Volume 3, Part 2: Infantry Regiments


The Rocky Mountain Rangers Badge

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Gules a Dall ram's head in trian aspect Or all within an annulus Gules edged and inscribed THE ROCKY MOUNTAIN RANGERS in letters Or ensigned by the Royal Crown proper and environed by maple leaves proper issuant from a scroll Gules edged and inscribed with the Motto in letters Or.


The maple leaves represent service to Canada and the Crown represents service to the Sovereign. The head of a ram or big horn sheep was approved for wear by all independent rifle companies in the Province of British Columbia in 1899. "THE ROCKY MOUNTAIN RANGERS" is the regimental title, and "KLOSHE NANITCH" is the motto of the regiment, in the Chinook dialect.

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KLOSHE NANITCH (Keep a good lookout)


"The Meeting of the Waters"


British Army

The Yorkshire Regiment


The First World War

ARRAS, 1917, '18; HILL 70; YPRES, 1917; AMIENS;


This Reserve Force regiment originated in Nelson, British Columbia on 1 April 1908, when the '102nd Regiment' was authorized to be formed.1 It was redesignated: '102nd Regiment, Rocky Mountain Rangers' on 1 June 1909;2 'The Rocky Mountain Rangers' on 12 March 1920;3 '2nd (Reserve) Battalion, The Rocky Mountain Rangers' on 1 January 1941;4 and 'The Rocky Mountain Rangers' on 28 January 1946.5

Upon redesignation as The Rocky Mountain Rangers on 12 March 1920 (see above), it was organized as a two battalion regiment with the 1st Battalion (172nd Battalion, CEF) on the Non Permanent Active Militia order of battle and the 2nd Battalion (no CEF designation) on the Reserve order of battle. The reserve unit was disbanded on 14 December 1936 (GO 3/37).

The Rocky Mountain Rangers were disbanded for the purpose of reorganization on 2 May 1921 and reorganized the same day (GO 180/21). This change was administrative and does not affect the lineage of the regiment.


'172nd "Overseas" Battalion, CEF'

Headquarters Location

Kamloops, British Columbia

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The First World War

The 102nd Regiment, Rocky Mountain Rangers was placed on active service on 6 August 1914 for local protection duties.6

The 172nd Battalion, which was authorized on 15 July 1916 as the '172nd "Overseas" Battalion, CEF',7 embarked for Britain on 25 October 1916.8 Its personnel were absorbed by the '24th Reserve Battalion, CEF' on 1 January 1917 to provide reinforcements for the Canadian Corps in the field.9 The battalion was disbanded on 17 July 1917.10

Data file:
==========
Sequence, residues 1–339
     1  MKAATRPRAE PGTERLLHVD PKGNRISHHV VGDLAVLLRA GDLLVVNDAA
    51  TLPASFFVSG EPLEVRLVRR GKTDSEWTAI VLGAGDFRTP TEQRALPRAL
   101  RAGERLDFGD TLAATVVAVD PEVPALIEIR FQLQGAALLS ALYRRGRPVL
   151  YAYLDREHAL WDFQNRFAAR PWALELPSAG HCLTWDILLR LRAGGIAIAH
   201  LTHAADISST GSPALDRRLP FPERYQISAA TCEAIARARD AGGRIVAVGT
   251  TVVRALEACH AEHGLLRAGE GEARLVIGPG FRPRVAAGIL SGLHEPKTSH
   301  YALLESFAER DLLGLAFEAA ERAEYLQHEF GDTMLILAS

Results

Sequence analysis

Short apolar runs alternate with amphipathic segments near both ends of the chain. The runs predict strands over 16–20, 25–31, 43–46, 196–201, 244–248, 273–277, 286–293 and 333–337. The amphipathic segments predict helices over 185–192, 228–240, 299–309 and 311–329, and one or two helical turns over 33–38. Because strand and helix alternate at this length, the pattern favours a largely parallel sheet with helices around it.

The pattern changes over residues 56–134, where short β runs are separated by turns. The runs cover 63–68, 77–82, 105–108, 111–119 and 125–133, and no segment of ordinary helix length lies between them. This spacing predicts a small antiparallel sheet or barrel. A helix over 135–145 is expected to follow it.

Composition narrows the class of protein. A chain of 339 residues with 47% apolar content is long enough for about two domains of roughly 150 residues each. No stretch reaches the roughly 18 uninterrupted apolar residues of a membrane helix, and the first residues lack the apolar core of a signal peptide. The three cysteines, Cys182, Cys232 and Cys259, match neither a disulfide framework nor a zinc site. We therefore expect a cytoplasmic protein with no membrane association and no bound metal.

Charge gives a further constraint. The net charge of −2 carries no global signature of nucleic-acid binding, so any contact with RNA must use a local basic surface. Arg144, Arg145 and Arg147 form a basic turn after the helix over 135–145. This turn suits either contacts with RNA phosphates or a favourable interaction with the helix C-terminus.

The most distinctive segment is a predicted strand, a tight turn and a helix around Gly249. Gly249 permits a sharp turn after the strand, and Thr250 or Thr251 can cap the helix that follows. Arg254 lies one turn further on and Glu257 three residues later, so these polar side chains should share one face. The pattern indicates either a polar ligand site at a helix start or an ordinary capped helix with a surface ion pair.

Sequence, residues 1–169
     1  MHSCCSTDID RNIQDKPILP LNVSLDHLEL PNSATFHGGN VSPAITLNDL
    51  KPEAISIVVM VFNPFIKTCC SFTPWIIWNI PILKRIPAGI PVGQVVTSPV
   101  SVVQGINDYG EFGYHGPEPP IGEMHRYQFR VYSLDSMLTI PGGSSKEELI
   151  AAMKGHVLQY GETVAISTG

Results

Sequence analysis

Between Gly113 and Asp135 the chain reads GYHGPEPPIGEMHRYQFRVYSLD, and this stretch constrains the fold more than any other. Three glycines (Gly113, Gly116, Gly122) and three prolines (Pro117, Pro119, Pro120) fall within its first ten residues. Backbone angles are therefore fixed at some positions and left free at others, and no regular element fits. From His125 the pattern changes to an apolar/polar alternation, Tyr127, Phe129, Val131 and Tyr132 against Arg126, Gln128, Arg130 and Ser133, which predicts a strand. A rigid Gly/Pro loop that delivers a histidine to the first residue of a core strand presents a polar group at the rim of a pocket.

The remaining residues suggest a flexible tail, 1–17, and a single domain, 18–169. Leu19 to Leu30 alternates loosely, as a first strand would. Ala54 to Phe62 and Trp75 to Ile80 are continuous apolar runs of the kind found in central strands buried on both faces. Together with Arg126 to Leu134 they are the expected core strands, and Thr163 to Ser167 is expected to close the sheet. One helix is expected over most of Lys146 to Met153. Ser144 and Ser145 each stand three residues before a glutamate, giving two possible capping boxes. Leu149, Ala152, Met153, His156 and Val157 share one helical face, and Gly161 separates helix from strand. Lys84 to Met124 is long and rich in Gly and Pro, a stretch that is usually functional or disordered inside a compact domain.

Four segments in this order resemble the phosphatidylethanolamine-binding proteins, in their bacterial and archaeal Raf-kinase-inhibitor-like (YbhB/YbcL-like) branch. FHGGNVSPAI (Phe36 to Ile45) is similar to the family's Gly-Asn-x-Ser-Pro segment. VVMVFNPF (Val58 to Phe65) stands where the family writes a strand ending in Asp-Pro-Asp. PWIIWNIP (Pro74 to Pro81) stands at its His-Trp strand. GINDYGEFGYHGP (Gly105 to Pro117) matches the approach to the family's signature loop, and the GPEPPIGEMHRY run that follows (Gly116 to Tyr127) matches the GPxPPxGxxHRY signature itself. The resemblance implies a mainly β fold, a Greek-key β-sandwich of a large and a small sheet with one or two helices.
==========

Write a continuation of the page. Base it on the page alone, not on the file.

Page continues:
The Second World War

The regiment was called out on service on 26 August 1939.11 Details of the regiment were placed on active service on 1 September 1939, under the designation 'The Rocky Mountain Rangers, CASF (Details)', for local protection duties.12 The details called out on active service were disbanded on 31 December 1940.13

The regiment subsequently mobilized the '1st Battalion, The Rocky Mountain Rangers, CASF' for active service on 1 January 1941.14 It was redesignated: '1st Canadian Infantry Training Battalion, Type A (Rocky Mountain Rangers), CASF' on 1 November 1944;15 and 'No. 9 Canadian Repatriation Depot, Type "T"' on 5 July 1945.16 It served in Canada in a home defence role as part of the 18th Infantry Brigade, 6th Canadian Division17 and took part in the expedition to Kiska, Alaska as a component of the 13th Canadian Infantry Brigade Group, serving there from 16 August 1943 to 12 January 1944.18 It embarked for Britain on 25 May 1944.19 The overseas battalion was disbanded on 28 January 1946.20

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The Rocky Mountain Rangers


The Rocky Mountain Rangers

1. GO 59/08; GO 64/08; and/et GO123/08. Formed from three independent rifle companies of the Rocky Mountain Rangers, and one new company, authorized on the following dates: 'A Company' (Rossland Rifle Company, 1 July 1898), 'B Company' (Nelson Rifle Company, 1 July 1898), the newly authorized 'C Company' at Nelson, and 'D Company' (Kaslo Rifle Company, 1 July 1898) / Formé de trois compagnies de voltigeurs indépendantes et d'une nouvelle compagnie, autorisées selon les dates suivantes : « A Company » (Rossland Rifle Company, 1er juillet 1898), « B Company » (Nelson Rifle Company, 1er juillet 1898), la nouvellement autorisée « C Company » à Nelson, et « D Company » (Kaslo Rifle Company, 1er juillet 1898).

2. GO 73/09; and/ et GO 75/09. The independent companies at Kamloops and Revelstoke were amalgamated with the regiment and redesignated 'E' and 'F' companies, respectively / Les compagnies indépendantes à Kamloops et à Revelstoke furent amalgamées avec le régiment et furent baptisées respectivement compagnies « E » et « F ».

3. MO 61/20.

4. GO 44/41; and/ et GO 42/41.

5. GO 400/45.

6. GO 130/14.

7. GO 69/16.

8. CEF Sailing List, vol. IX.

9. CRO 95/16; and/ et CRO 198/17.

10. GO 82/18.

11. GO 124/39.

12. GO 135/39.

13. GO 44/41.

14. GO 44/41; and/ et GO 42/41.

16. GO 78/45.

17. GO 43/46. Amalgamated with 'Headquarters, 1st Canadian Infantry Training Regiment' and '1st Canadian Infantry Depot Battalion' / Il se fusionna avec le « Headquarters, 1st Canadian Infantry Training Regiment » et le « 1st Canadian Infantry Depot Battalion ».

18. Colonel C.P. Stacey, Official History of the Canadian Army in the Second World War, Volume 1, Six Years of War (Ottawa, 1955), p. 538.

19. Ibid, pp. 502-505; and/et Vincent Bezeau, The Rocky Mountain Rangers: The First Hundred Years , 1908-2008 (Kamloops, 2008), pp. 236-290 . Upon landing, the Japanese were found to have previously evacuated the island / Lors du débarquement, l'on découvrit que les Japonais avaient déjà quitté l'île.

20. Document Collection/ Collection de documents 92/252, (3-6-68) Rocky Mountain Rangers, Box/ boîte 3, Folder/ chemise 57.

21. GO 85/46.

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